Wednesday, January 12, 2005

You'll Never Walk Alone

First, this article by economist David McWilliams is an excellent, concise exploration of why relieving third world debt (especially in Asia) is not as straightforward as people make it out to be. Basically a lot of the debt was bought by private concerns and western pension funds, i.e. the nest eggs of the First World middle classes, and our pension funds are, as such, partially reliant on the proceeds. So it's not necessarily a case of G8 nations cancelling debt but ordinary Joe Soaps, to a degree. I wonder, would that knowledge, if it were widespread, soften the clamour? My own problem with debt cancellation is that a) might it encourage other nations to default? And b) is it too much of a reward for bad governance where money was embezzled, spent on arms or spent on ridiculously unnecessary capital projects? I've linked David McWilliams under my list of Blogs, but his site isn't really a blog at all. However I do admire the man and found him to be excellent at both TV and Radio broadcasting and a fine opinion journalist with Ireland's Sunday Business Post.

Second, I hate Rugby (or Egg Chasing, to give it its proper name). Now hate is a strong word but I don't care - I'm that shallow. I'd like to be just indifferent to it but it's just so pervasive in Ireland right now that I can't. The popularity of the sport among the masses has exploded in recent years for one reason - we have been moderately successful and there's nothing that Irish people like more than a good band-wagon to jump on. Ignore the fact that it's played competitively in only six to ten countries (and that it's a minority sport in all of them) and ignore the fact that the European club structure has allowed virtually the whole Irish national team be split across two clubs (Leinster and Munster) to play in complete mismatches against small Italian villages and ignore the fact that the Six-Nations is a repetitive slog fest where at least three of the six are whipping boys for the rest (usually four whipping boys while France and England contest the Grand Slam); because we beat England, because we won a trophy-less competition in 2004 (the Triple Crown), because the south-Dublin elite running the State broadcaster (RTE) love it and because the south-Dublin wannabes in Cork and Limerick see their team win the vast majority of their matches against the afore-mentioned villages, the sport is reaching ever higher levels of exposure.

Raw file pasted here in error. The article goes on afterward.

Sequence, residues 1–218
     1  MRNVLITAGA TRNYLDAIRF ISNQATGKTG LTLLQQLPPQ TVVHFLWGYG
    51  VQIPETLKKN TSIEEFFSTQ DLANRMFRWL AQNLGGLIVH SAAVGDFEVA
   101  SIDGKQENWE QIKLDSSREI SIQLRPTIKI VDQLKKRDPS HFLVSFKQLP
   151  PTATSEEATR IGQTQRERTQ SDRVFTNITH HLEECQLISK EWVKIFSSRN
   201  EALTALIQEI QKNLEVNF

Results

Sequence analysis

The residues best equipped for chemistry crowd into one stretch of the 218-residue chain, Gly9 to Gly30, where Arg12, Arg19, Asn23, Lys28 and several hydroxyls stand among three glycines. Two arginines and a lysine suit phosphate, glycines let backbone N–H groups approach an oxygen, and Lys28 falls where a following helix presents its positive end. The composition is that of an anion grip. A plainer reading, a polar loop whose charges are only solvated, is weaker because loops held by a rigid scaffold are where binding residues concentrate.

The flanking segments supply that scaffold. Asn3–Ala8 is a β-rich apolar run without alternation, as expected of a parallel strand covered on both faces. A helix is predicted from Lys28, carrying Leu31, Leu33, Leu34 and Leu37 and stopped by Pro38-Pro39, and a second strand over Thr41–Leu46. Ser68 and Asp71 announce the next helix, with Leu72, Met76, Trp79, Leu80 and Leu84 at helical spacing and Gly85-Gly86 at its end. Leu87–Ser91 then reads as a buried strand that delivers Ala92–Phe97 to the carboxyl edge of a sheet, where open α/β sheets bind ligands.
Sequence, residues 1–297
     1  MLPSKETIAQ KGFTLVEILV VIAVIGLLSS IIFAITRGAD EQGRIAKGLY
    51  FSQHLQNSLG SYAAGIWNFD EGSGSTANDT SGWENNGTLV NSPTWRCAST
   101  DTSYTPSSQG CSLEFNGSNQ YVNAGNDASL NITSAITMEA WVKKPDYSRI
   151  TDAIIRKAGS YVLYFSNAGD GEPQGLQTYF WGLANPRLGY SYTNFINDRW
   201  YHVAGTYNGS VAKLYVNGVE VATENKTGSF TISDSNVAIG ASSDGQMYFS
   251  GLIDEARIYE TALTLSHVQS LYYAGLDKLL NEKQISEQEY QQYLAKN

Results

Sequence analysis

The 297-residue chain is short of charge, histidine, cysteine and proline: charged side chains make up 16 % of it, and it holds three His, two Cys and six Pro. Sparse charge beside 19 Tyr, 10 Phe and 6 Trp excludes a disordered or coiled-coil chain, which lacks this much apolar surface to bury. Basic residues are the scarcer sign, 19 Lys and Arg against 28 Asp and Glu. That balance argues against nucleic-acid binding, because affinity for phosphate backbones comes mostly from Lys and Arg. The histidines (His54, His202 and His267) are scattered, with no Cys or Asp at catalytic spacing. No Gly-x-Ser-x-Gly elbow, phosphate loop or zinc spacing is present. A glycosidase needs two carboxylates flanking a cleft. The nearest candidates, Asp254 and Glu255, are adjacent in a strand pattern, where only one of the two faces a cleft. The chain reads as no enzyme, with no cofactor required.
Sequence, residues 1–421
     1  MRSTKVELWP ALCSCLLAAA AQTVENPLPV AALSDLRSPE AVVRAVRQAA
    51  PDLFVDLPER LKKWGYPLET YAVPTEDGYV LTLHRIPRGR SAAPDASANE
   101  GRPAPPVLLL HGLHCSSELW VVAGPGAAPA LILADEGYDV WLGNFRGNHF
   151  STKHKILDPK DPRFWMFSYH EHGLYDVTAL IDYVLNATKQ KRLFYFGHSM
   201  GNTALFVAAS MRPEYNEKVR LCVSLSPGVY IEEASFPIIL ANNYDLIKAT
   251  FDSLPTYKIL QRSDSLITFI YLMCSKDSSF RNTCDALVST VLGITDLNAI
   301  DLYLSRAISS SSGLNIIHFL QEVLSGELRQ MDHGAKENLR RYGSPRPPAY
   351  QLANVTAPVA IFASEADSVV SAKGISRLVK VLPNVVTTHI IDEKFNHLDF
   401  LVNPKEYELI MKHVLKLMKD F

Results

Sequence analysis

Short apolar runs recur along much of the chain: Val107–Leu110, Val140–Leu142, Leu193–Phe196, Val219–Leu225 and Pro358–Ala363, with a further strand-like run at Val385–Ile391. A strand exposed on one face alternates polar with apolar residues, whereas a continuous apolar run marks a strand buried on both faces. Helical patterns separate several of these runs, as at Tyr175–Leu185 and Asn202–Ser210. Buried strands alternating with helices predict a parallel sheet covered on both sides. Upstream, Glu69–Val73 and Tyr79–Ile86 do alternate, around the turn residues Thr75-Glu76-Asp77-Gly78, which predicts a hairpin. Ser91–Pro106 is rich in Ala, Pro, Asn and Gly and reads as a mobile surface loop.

So what's my problem with Egg Chasing? Well it's hard to articulate but it grew out of the dislike of seeing people, men and women, in pubs watching a game on television and, kind-of, gritting their teeth and grunting "c'mon" as men fought and struggled over yardage - it's as if they're urging on the troops in a quasi-World War 1 battle to cross No Man's Land and kill the enemy. Football fans simply do not behave that way watching their teams (for all the hooliganism, racism and the rest) because football is not, normally, a game where you have to grind out territory incessantly to succeed. Now, when I look at a game or talk to those who play it, I see men getting off on some kind of modern-day man-to-man combat, "the glory of the warrior" trip. The people who watch the game are far more excited by the physical contest, the big hits and the barely restrained violence than any skill or tactics (whatever they're meant to be). In fact it's almost sexual for some people, I think. Lastly, in the Scrum and Lineout, we have perhaps the two most ridiculous set-pieces ever devised in popular team sport.

And so I look on as ROG (Ronan O' Gara) is lionised for being able to sky an egg into the terraces while standing empty in acres...

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